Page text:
Skip to content
For Your Marriage

Several years after Troy and Kathleen were paired up for a dance performance, they fell in love and got married. They live in a rural western suburb of Chicago with their 5 children, ages baby to college bound, and have 3 little souls in Heaven.

How To Keep Your Marriage Close When Travel Pulls You Apart

Throughout the course of our marriage, my husband Troy has consistently traveled about 30% of the time for his job. The struggle to stay connected while he is away has been one of the greatest challenges for us over the years. To this day, we still struggle, but we have learned and developed some valuable strategies and tools over the years that have enabled our marriage to thrive even when Troy is gone. This past year his travel has gone from 30% to 60%. More than ever in our marriage we have had to fight to keep our spark alive and our marriage growing.

First and foremost, it is vital to know and speak your spouse’s love language. If you are not familiar with the five love languages, I would highly recommend reading Gary Chapman’s book, The 5 Love Languages: the Secret to Love That Lasts. In it, Chapman explains five different ways that people feel most loved. They are: words of affirmation, quality time, receiving gifts, acts of service, and physical touch. What makes your spouse feel loved? What is their love language? Typically there is one love language that is predominant and that is the one that makes an individual feel best loved by another person, and in particular by their spouse. Usually the love language that you prefer receiving is the language that you are most comfortable giving.

My love language is quality time. It is not that I do not recognize or understand when Troy speaks another love language, but I just feel loved at the deepest level when he listens to me and spends quality time with me. Troy’s love language is physical touch. For both of us, speaking each other’s love languages when we are physically apart from one another is not completely possible, which means that when we are together we have to work extra hard to communicate love to one another in our respective languages as often as possible.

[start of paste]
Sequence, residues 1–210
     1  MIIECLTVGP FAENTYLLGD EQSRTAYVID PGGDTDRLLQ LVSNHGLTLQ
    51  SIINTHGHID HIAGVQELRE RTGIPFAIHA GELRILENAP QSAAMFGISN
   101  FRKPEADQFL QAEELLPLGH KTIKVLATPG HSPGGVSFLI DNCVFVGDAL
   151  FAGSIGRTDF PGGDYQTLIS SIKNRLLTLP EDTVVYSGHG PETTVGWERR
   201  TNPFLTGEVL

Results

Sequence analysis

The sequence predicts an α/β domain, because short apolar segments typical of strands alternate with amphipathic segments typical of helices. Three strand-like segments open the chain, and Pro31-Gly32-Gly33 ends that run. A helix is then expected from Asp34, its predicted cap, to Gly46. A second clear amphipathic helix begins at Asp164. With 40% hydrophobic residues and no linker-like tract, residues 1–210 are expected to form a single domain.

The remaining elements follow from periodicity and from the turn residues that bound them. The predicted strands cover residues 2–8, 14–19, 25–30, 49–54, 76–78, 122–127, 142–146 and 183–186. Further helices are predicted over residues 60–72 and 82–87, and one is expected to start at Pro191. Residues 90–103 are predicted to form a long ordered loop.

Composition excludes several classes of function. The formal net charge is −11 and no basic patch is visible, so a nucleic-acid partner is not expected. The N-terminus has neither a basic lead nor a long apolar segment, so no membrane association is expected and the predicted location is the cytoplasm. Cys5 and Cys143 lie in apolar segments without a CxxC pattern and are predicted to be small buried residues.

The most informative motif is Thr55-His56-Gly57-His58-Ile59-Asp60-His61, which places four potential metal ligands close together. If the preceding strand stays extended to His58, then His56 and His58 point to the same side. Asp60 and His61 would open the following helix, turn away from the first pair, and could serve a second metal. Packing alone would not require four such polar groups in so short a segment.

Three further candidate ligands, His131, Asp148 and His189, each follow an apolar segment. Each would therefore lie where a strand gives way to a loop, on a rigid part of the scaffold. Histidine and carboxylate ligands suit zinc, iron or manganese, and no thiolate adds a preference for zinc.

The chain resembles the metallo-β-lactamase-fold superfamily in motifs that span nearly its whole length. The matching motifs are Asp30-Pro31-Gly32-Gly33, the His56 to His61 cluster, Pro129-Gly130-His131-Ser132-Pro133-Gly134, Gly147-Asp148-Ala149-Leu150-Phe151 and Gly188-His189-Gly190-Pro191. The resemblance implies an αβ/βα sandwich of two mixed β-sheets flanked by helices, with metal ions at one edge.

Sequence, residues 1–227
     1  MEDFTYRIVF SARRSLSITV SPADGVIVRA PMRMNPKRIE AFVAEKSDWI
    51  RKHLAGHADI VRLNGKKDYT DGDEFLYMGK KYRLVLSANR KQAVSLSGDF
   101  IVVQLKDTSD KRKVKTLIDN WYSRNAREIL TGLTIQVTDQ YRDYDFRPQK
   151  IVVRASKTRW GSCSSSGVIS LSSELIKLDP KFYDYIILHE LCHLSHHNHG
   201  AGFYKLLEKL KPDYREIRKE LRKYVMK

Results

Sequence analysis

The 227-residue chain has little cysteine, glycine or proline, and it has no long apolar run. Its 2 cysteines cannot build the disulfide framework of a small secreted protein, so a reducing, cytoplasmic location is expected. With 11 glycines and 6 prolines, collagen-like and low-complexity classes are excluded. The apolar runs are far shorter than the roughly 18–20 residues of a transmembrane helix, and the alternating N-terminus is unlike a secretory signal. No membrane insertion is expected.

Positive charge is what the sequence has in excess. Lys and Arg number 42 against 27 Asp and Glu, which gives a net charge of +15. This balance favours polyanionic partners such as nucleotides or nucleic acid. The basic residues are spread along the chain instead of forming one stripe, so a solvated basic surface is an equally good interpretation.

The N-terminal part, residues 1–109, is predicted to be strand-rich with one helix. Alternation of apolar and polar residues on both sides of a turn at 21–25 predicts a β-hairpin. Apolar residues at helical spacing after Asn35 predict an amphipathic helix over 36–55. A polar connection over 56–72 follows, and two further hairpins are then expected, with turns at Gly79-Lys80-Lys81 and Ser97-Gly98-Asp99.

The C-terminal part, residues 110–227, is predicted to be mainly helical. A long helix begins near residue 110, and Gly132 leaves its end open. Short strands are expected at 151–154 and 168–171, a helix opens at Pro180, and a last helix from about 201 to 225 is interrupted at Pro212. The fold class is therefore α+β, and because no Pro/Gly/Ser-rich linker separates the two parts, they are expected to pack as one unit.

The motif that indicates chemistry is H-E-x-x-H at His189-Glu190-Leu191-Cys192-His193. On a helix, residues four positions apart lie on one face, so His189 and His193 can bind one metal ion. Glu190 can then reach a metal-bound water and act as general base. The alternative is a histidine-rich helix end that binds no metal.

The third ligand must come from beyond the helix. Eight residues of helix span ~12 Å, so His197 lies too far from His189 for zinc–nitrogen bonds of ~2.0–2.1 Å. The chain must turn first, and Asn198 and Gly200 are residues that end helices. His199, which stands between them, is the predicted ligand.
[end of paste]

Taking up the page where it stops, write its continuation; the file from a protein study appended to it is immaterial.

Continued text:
When Troy arrives home after a trip, I try to make sure I greet him with a warm embrace and kiss. Throughout the few days that he is home, we make every effort to have date time. We usually go out to eat, go for walks, and stay up after the children go to bed so we can spend time together alone. We make sure that we connect at a deep level so that when we have to be apart again we have those memories to hold us throughout the next week of travel. Staying connected during the time we are away from each another is vital to the health of our marriage, and means that our connection when we are together needs to be strong.

Here are a few tools that have helped us keep our marriage strong during Troy’s frequent work travel:

  1. Pray together over the phone. Stay connected to the source of grace for your sacrament of marriage so you can stay connected to the one God gave you to love!
  2. Communicate through texting, calling, e-mail, or whatever works for you. For Troy and I, we text a lot throughout the day. We are not always able to get right back to one another, but we make sure when time permits to acknowledge each other’s texts and if need be, discuss it later in the evening when we are able to talk on the phone. Troy likes to get pictures of what the children and I are doing throughout the day, so I text a sampling to him. I like to see where he is at, so he texts me pictures of the conference room he is in, the hotel he is staying at, and sometimes the restaurants he eats at. It may sound silly, but for me it makes the distance between us feel less overwhelming. We also just text fun pictures – pictures that we know the other person would like to see.
  3. Troy brings a small crucifix with him to put in his hotel room as a way to stay focused spiritually and as a reminder that his strength comes from God alone.
  4. Miscommunication can easily happen when you and your spouse are not physically together. Troy and I have learned through our own tests and trials that we need to nip our miscommunication in the bud. We have witnessed how miscommunication can cause our emotions to run high since we are not together to help dissipate the anger and frustration that comes from not being properly understood. For us it is important to talk as soon as possible on the phone and before we are completely exhausted at the end of the day.
  5. Recognize each other’s needs and respect them. For my husband, frequent travel is exhausting, and for myself being home alone with five children is overwhelming and lonely. Both of us make every effort to try and understand the needs associated with the challenges we face when we are apart.
  6. A willingness to say “I am sorry” and to forgive is especially critical with the strain of travel pressing on a marriage.

Whether you and your spouse are apart from one another often or together all the time, the goal is to always be growing. As you grow as a couple your roots become deeper and your marriage becomes stronger. When the storms of life inevitably pass through your marriage, you want your roots to be deep enough that no matter how devastating the storm may be, it is unable to uproot the love you are growing.